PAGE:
Andrew Weiss, the timing of this, there is clearly a point to this. This is something that some of the sort of opposition has been saying out loud: We are planning to attack something near Sochi, if not Sochi.

    But they're making a statement just by the timing of this, right?


    I think the timing is — is dreadful.

    The Russian public are on their way to their biggest holiday of the year, which is New Year's. And so to create an atmosphere of panic and concern throughout the Russian body politic is a big deal.So, if you went to Moscow today, you would have seen train stations that were being evacuated, random searches.

    And so I think it has created a real sense for people that there is a real threat, there's a live threat, and the authorities are going to be struggling to head it off.


    So, Brian Jenkins, considering that the eyes of the world are going to be on Sochi, what sorts of measures have the Russians taken? There have been reports that they have essentially almost sealed off the city or they will seal off the city almost a month before the Games.


    Well, that is certainly their goal. They are going to try to turn the entire city of Sochi into the security equivalent of Ben-Gurion Airport in Tel Aviv. And so there will be multiple checks.

    Something that's new at this Olympics that we haven't seen before are the credentialing of the spectators themselves. That is, people who buy tickets go online to buy these tickets, receive a credential, and that will become a way of verifying their identity at the entry to each one of the — each one of the venues.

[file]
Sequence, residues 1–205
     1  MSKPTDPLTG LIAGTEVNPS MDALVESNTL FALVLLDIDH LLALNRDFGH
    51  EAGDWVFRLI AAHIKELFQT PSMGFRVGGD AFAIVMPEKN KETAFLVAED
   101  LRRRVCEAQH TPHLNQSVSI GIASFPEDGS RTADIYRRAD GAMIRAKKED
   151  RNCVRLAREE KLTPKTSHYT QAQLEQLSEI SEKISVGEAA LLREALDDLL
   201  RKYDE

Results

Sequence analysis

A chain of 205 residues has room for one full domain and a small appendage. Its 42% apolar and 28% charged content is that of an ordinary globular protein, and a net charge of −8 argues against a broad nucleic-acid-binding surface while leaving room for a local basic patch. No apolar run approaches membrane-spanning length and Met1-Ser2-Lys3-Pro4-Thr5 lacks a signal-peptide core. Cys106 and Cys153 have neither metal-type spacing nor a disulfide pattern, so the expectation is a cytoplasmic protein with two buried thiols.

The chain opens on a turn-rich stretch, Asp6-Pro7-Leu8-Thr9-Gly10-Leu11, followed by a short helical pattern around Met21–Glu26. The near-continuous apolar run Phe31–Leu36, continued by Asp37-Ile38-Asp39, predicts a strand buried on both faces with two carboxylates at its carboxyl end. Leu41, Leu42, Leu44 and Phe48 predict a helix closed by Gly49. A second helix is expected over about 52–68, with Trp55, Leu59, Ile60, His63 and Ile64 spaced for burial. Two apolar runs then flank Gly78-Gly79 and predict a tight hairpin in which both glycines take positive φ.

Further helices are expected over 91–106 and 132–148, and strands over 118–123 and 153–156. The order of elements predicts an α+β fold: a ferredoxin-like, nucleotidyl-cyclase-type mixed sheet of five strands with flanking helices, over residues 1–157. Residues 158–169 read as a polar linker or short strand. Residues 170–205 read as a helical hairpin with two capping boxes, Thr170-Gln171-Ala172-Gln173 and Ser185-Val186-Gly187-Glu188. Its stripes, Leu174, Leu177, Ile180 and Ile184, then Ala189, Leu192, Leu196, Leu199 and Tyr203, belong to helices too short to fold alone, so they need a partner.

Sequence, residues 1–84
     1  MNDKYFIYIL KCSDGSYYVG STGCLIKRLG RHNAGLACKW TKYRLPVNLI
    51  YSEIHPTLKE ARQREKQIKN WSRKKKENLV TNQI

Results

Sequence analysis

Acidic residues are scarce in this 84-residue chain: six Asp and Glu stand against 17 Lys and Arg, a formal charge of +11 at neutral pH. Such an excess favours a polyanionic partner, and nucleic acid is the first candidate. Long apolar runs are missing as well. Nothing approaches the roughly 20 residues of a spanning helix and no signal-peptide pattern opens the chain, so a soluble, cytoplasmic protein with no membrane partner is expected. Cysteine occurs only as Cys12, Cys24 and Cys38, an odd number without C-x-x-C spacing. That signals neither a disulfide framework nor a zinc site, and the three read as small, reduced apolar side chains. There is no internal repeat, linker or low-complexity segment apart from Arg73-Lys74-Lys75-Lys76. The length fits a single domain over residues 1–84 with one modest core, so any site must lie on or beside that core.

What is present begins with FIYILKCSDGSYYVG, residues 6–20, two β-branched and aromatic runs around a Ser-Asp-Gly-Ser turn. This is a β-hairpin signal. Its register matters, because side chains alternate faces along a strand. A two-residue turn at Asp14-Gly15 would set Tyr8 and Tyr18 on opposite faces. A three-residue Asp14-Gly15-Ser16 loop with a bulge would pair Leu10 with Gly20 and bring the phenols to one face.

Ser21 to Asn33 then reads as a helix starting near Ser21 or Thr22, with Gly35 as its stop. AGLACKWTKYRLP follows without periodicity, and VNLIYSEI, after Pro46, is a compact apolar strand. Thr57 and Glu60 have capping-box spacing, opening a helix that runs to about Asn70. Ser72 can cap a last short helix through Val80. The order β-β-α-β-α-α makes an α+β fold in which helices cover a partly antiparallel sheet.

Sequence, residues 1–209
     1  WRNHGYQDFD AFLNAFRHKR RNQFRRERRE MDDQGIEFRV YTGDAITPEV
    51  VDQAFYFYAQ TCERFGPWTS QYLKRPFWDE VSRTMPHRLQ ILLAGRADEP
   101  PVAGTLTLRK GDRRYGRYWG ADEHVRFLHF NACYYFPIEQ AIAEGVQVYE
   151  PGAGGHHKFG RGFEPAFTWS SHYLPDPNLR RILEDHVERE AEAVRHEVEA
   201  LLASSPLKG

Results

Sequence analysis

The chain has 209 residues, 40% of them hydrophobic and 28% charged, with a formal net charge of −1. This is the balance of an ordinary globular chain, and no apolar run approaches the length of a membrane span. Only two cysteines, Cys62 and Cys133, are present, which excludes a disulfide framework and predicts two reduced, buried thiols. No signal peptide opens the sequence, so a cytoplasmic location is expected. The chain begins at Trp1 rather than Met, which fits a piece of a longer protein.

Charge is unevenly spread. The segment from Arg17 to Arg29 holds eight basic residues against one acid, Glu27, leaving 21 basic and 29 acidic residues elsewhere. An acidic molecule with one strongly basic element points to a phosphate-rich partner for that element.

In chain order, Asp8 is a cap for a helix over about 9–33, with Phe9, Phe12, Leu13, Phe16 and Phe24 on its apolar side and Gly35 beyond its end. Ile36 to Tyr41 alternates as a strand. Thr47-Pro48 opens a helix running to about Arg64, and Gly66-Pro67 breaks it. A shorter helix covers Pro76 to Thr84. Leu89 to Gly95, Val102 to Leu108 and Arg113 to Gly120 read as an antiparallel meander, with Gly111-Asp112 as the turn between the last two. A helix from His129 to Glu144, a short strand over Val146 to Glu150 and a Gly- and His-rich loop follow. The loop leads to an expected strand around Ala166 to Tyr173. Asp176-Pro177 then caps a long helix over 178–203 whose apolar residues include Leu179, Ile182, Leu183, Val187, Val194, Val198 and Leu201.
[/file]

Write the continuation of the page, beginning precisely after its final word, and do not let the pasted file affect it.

In addition, they have introduced a system that will enable them to monitor every telephone call, every e-mail message. Every form of electronic conversation, electronic communications in Sochi will be not only monitored, but they will have the ability to intervene and modify the messages themselves.

    Beyond that, though, I mean, look, you can defend a piece of territory, protect a piece of territory for a period of time, but if the terrorists have virtually unlimited targets across Russia, what you're concerned about is either that there are people already in Sochi that have already infiltrated, and there are prepositioned weapons or devices in Sochi — and the Russians have reported that they have busted up some plots where there have been prepositioned material at least close to Sochi — or you worry about an attack that will be concurrent to the Olympics, but in another part of the country, but that nonetheless will cause embarrassment.

    One of the greatest concerns is that we will see something like a Nairobi shopping mall attack or a — more ambitiously, a Mumbai attack, or like some of the major hostage seizures that we have seen carried out by the Chechens before, with demands to suspend the Olympics.


    So, Andrew, how much do the politics of Vladimir Putin and his tactics now play into this situation?


    I think the Russian tactic and playbook has been pretty consistent over the past 15 years.

    They have — in the case of Chechnya, they basically pacified that country with the aid of a local warlord. So they have basically said anyone who is religiously observant, who is not fitting the sort of standard profile of a peaceful citizen, you are in our sights.

    In Dagestan, they have a total mess on their hands, where you have a conflict with three or four layers. There is tremendous youth unemployment, radicalization. There is a fight in terms of two different strains of Islam. You have a corrupt authoritarian local government and a very heavy-handed security response.

    So, in many ways, the Russians have created this problem. They have found no solution to fix it.


    All right, Andrew Weiss from the Carnegie Endowment for International Peace, Brian Jenkins from the RAND Corporation, thanks so much for your time.